The equation: salary + benefits, including long term commitments.  Retirement, health care, and other benefits have costs, but also may reduce employee turnover.

The game: reduce and eliminate costs within each role.  Divide operational units and move them to locations with optimal rules and costs.  Use the placement of these units to pressure politics to reduce labor’s collective bargaining rights.

3) Supply Chains

The equation: price.  Commodities and other non-labor costs are priced on global markets, and are mostly fungible.

The game: reduce and eliminate regulations that internalize costs of production for your suppliers.

Investors lost $2.5 Trillion on Monday – Policy?

Investors lost $2.5 Trillion on Monday because stock markets were down.  Who still thinks stimulus is a bad idea?  How can anyone argue that it is a bad investment to spend a few hundred billion in the form of infrastructure or other stimulus when the effects are 1000%+ in the form of rising market valuations across the economy.  Stock prices rise in value within minutes when stimulus is announced.  American Freedom does not eliminate our right to make great investments for our economy.

Policy makers – and the rest of us – should pay more attention to ROI.

Mad at Pakistan?

Americans are mad at Pakistan.  Last night, Jon Stewart showed a clip of Fareed Zakaria asking if Pakistan is complicit in hiding Osama Bin Laden – or just incompetent.

Do you blame Pakistan for bin Laden living there?  Do you think our relationship with their government should be strained by this?   Should we reduce support?  Sanction trade?

No.  That’s wrong.  Here’s why:

Pakistan is not one thing and their government is not monolithic.  There are many power structures in Pakistan.  You shouldn’t blame “the government” for sectarian separatists, terrorists, or others who secretly hide within their borders.  Thinking that way is like blaming a person when their body grows a cancer.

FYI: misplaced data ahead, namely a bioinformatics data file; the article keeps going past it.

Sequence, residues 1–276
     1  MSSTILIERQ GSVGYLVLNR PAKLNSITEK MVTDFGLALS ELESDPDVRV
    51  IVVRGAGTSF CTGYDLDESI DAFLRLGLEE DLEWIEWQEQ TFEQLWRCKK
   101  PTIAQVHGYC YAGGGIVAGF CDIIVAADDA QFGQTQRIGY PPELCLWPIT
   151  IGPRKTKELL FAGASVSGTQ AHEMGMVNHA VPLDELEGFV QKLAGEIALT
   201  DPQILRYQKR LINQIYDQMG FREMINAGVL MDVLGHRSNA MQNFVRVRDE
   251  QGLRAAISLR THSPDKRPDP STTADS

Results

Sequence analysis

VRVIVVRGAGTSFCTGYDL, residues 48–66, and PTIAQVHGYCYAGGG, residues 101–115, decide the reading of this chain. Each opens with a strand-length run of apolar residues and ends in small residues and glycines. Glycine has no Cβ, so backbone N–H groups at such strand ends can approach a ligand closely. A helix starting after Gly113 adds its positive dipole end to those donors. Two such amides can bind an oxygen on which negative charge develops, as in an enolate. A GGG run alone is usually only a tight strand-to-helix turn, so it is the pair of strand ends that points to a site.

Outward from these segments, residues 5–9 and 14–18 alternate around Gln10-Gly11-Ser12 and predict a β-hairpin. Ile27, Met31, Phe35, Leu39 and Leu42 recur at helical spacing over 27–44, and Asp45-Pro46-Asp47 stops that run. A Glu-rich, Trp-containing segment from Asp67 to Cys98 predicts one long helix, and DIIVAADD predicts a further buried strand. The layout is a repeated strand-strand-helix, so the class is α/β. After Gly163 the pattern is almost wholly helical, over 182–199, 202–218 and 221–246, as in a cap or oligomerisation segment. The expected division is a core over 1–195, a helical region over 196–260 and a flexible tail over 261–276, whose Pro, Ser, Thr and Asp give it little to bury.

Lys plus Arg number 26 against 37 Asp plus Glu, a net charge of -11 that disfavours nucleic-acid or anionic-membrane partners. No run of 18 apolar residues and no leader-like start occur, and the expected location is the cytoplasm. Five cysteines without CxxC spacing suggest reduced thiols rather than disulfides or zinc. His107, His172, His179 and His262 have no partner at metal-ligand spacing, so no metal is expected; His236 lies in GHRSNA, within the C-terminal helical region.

Did we blame the American Government when Timmothy Mcveigh was a terrorist in Oklahoma City?  No.  America was a victim.  And Pakistan is the victim now.  Pakistan has been in a complex civil war with multiple armies of radical extremists for many years.  Some of them are politicians trying to consolidate power with secret affiliations, others attack India trying to incite a broader war, others hide like rats.  Pakistan is suffering from these cancers.

We should be offering tax incentives to increase trade with Pakistan, increase aid, and increase support for democratic stability, secular and academic institutions, and human rights.   Economic sanctions and saber-rattling are counterproductive because they attack the commercial economy.  It would be better to empower the population through the commercial economy – enable them to overtake and stamp out radical separatists and would-be religious fascists.  Help them get on a path to become a productive and educated economy that has the power and will to suppress it’s own cancers.  Use economic levers to achieve better outcomes.

Net Neutrality: No Compromise

To begin talking about Net Neutrality, it helps to clarify what the internet is. It’s simply data sent via TCP/IP (the protocol for sending data through routers). Some people host web sites, others connect to their company e-mail, others do other things – it’s all the internet.

Understanding that the internet is just a connection using TCP/IP, then Net Neutrality is simple, too. Net Neutrality simply means that your ISP may not interfere with the internet. They may not censor your packets (the data that is sent via TCP/IP). This means they can’t censor your news, keep you off of Skype, restrict your sending and receiving, or otherwise interfere with your communications.

Any compromise on this is wrong for two reasons: 1) Your ISP should not have the right to interfere with your free speech, and 2) ISPs should not be able to tax the value creation of the media industry.

ISPs should not be able to interfere with consumer access to media companies, nor tax those companies for access to consumers. ISPs should not be able to interfere with our speech or block our access to the speech of others.

ISPs are in the business of providing internet access, but they don’t own the internet; any attempts to eliminate net neutrality would violate our consumer rights and hurt the economy.

Reconsider the Stimulus

I am fed up with the structure of the stimulus plan.  Bailing out failed banks is foolish when tax credits for mortgage payments would cut the foreclosure rate and fix the toxic debt.  Why ignore this easy and super-efficient tactic?

If I could recommend a specific plan, it would be to provide tax credits for up to $30k/year in mortgage payments for primary residences for the next 2 years. This relatively cheap solution maintains free market capitalism with all the good incentives, and would dramatically reduce the foreclosure rate — particularly for those paying less than $30k/year for their mortgages. The plan could be extended or expanded if necessary, of course.

The result would be a reduction in mortgage defaults, an increase in the value of mortgage backed securities (MBSs), and a recovery of the financial strength of the lending institutions and pensions that hold MBSs. Essentially, this would repair the cause of the credit crisis rather than throwing money away at the symptoms and rewarding failure.

As soon as it is announced, assumptions about foreclosure rates would fall, raising the value of MBSs the same day.